|Mazatlan and its long Malecon from our plane|
Teatro Angela Peralta
In 2009, we stayed in the city for only a week and chose instead to tour about six states of Mexico, including Mexico City. This time around, we had two and a half weeks. In the first three days, we booked ourselves right at the heart of the Zona Turistica, at the Jonathan Hotel. Right beside it was the fabulous elite theater, originally conceived in the 19th century as Teatro Rubio. It was closed in the 1960s because it deteriorated into a place of mass-oriented shows from the 1920s. In 1992, the theater was restored to the Teatro Angela Peralta, after the soprano born in 19th century Mazatlan.
After enjoying opera or a modern ballet, visitors and locals alike relax at the lovely tree-lined Plazuela Machado just around the corner. It was a pleasant walk from the hotel and every evening the place came alive with shows and all the buzz from the well-patronized restaurants around it. The hotel itself was a delight with a rooftop swimming pool and patio that looks out to the Teatro, the Plazuela and the Catedral, the Zona Turistica. Even the bed inside our room seemed to float atop blazing rocks!
The central part of this Zone is the Catedral de la Immaculada Concepcion, about three blocks away. Work on the church was started in the year 1856, and it was completed in 1899. In 1941, it was consecrated as a basilica. Its unique doors are fronted by three Gothic arches, supported by pilasters. In front of the Cathedral, there is a large green plaza with a huge Gazebo in the middle. Hundreds of pigeons flutter about and gather around anyone who feeds them (like me).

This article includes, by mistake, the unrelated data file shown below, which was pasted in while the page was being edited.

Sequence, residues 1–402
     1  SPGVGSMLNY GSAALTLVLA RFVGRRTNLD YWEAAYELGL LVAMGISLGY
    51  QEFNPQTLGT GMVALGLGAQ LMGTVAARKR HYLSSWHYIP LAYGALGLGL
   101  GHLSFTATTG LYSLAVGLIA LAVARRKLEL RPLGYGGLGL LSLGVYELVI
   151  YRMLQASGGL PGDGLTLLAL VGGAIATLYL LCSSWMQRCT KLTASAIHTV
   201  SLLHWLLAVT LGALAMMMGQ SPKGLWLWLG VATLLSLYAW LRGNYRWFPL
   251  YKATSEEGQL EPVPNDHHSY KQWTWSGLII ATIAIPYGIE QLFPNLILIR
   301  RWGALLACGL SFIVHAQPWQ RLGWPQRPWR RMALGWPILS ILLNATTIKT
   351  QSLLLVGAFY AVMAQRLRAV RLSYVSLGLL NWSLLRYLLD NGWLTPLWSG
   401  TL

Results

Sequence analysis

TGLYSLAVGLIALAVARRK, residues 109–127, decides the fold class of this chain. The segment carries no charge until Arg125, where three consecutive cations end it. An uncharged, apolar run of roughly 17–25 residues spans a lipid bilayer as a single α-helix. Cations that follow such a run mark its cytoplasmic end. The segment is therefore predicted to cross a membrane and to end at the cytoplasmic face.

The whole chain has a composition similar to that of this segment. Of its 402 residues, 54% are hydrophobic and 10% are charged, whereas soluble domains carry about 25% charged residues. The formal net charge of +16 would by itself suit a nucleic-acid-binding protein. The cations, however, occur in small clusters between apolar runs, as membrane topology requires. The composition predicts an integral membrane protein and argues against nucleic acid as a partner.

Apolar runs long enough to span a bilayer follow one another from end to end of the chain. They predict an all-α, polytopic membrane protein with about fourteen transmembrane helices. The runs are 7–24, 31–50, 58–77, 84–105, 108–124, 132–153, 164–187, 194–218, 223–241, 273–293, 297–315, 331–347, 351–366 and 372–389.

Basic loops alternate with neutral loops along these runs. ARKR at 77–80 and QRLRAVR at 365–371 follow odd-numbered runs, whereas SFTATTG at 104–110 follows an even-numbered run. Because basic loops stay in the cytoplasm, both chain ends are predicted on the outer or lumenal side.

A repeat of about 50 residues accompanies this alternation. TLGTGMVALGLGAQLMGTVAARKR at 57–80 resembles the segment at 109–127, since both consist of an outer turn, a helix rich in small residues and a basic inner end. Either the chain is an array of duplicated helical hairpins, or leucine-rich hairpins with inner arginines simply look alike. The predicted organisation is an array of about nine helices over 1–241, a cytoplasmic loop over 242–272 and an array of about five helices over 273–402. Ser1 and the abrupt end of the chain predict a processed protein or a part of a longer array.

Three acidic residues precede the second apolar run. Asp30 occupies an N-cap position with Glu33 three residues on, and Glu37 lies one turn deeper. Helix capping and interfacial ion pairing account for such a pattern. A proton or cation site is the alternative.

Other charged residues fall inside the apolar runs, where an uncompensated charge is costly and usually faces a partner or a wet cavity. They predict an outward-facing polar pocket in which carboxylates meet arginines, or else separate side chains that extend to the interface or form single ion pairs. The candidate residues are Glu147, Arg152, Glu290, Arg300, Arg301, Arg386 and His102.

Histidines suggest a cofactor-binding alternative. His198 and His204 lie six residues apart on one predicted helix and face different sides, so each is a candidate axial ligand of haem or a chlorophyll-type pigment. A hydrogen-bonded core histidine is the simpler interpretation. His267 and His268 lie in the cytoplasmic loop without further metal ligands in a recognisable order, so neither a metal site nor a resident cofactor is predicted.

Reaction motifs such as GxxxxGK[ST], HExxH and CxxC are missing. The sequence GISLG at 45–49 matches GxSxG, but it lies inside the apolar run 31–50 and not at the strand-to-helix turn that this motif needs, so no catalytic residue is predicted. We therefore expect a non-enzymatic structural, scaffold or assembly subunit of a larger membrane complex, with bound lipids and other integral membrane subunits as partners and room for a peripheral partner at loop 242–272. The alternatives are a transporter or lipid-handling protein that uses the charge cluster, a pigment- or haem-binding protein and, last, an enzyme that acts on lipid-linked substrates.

Beside the Catedral is a shopping district that has grown around an original and still thriving Mercado, filled by vendors of vegetables, fish and seafood, meat and chicken, cheese and other dairy products, clothes, toys, household wares, handicrafts and souvenir items. Around the Mercado are kiosks bearing snack items such as cut-up fruits, magnets to flies. There is even a section where, in the morning, hordes of vendors ply freshly caught shrimps, from little ones to giant prawns, at fractions of their prices in the US. Alas, by noon all shrimps are gone.
To the north of the Old City lies the Zona Dorada or the Golden Zone, born out of its outgrowth. This Zona is where merchants, like Senor Frogg, the city’s silver jewelers, flea markets of flimsy beach wear and colorful souvenir items, and the Shrimp Factory, had built their businesses. Bill and I also had our teeth cleaned at a dental office there at a tiny fraction of what it would have, cost us in the US. At its entrance stands the Valentino, a spot frequented by the young and young at heart that turns the whole district alive when the sun sets. It ends where the resort hotels begin lining the beaches.
El Faro Lighthouse
To the south of the Old City, at the end of the bus line, lies the Hill where the El Faro Lighthouse , the tallest functioning lighthouse in the Americas and one of the world’s, stands. The structure is located on top of the hill of Creston once an island but now the southern tip of the peninsula city of Mazatlan. It sits 523 feet above high tide and first cast its light in 1879. Unfortunately, Bill and I got exhausted walking to look for it since the bus driver could not understand what we were asking and let us off the bus too soon. Otherwise, we would have been rewarded with a fantastic view!
|Touring around Mazatlan|